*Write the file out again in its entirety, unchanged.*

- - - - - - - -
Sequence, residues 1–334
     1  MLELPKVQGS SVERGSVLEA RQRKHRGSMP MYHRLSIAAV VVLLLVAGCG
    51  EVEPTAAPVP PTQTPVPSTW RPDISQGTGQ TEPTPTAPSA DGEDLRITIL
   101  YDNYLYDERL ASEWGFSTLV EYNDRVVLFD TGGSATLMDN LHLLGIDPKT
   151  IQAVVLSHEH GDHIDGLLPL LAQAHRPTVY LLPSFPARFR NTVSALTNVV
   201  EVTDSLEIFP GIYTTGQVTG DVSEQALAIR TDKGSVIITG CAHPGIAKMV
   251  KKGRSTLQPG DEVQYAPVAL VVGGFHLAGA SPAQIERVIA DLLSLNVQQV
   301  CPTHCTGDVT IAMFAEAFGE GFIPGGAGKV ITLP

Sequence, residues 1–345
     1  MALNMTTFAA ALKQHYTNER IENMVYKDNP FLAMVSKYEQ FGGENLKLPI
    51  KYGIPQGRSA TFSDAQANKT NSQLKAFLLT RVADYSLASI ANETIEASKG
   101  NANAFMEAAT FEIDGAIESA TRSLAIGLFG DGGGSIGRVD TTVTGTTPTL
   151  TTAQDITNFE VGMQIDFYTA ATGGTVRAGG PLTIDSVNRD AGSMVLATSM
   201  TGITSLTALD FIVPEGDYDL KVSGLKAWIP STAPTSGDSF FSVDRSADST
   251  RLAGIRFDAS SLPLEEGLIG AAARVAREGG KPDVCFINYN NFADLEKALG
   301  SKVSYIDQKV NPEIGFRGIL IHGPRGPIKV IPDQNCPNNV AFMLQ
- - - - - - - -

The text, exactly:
Sequence, residues 1–334
     1  MLELPKVQGS SVERGSVLEA RQRKHRGSMP MYHRLSIAAV VVLLLVAGCG
    51  EVEPTAAPVP PTQTPVPSTW RPDISQGTGQ TEPTPTAPSA DGEDLRITIL
   101  YDNYLYDERL ASEWGFSTLV EYNDRVVLFD TGGSATLMDN LHLLGIDPKT
   151  IQAVVLSHEH GDHIDGLLPL LAQAHRPTVY LLPSFPARFR NTVSALTNVV
   201  EVTDSLEIFP GIYTTGQVTG DVSEQALAIR TDKGSVIITG CAHPGIAKMV
   251  KKGRSTLQPG DEVQYAPVAL VVGGFHLAGA SPAQIERVIA DLLSLNVQQV
   301  CPTHCTGDVT IAMFAEAFGE GFIPGGAGKV ITLP

Sequence, residues 1–345
     1  MALNMTTFAA ALKQHYTNER IENMVYKDNP FLAMVSKYEQ FGGENLKLPI
    51  KYGIPQGRSA TFSDAQANKT NSQLKAFLLT RVADYSLASI ANETIEASKG
   101  NANAFMEAAT FEIDGAIESA TRSLAIGLFG DGGGSIGRVD TTVTGTTPTL
   151  TTAQDITNFE VGMQIDFYTA ATGGTVRAGG PLTIDSVNRD AGSMVLATSM
   201  TGITSLTALD FIVPEGDYDL KVSGLKAWIP STAPTSGDSF FSVDRSADST
   251  RLAGIRFDAS SLPLEEGLIG AAARVAREGG KPDVCFINYN NFADLEKALG
   301  SKVSYIDQKV NPEIGFRGIL IHGPRGPIKV IPDQNCPNNV AFMLQ